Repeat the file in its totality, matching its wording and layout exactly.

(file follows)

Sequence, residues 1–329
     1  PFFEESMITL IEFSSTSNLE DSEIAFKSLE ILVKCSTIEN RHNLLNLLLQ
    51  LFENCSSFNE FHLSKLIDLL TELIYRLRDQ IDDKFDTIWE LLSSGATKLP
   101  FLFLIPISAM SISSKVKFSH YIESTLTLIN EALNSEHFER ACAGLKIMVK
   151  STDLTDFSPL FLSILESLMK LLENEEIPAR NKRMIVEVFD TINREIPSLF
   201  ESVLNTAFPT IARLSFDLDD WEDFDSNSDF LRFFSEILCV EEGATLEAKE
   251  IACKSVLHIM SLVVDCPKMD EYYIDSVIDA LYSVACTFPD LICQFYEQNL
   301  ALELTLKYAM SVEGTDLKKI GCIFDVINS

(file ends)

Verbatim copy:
Sequence, residues 1–329
     1  PFFEESMITL IEFSSTSNLE DSEIAFKSLE ILVKCSTIEN RHNLLNLLLQ
    51  LFENCSSFNE FHLSKLIDLL TELIYRLRDQ IDDKFDTIWE LLSSGATKLP
   101  FLFLIPISAM SISSKVKFSH YIESTLTLIN EALNSEHFER ACAGLKIMVK
   151  STDLTDFSPL FLSILESLMK LLENEEIPAR NKRMIVEVFD TINREIPSLF
   201  ESVLNTAFPT IARLSFDLDD WEDFDSNSDF LRFFSEILCV EEGATLEAKE
   251  IACKSVLHIM SLVVDCPKMD EYYIDSVIDA LYSVACTFPD LICQFYEQNL
   301  ALELTLKYAM SVEGTDLKKI GCIFDVINS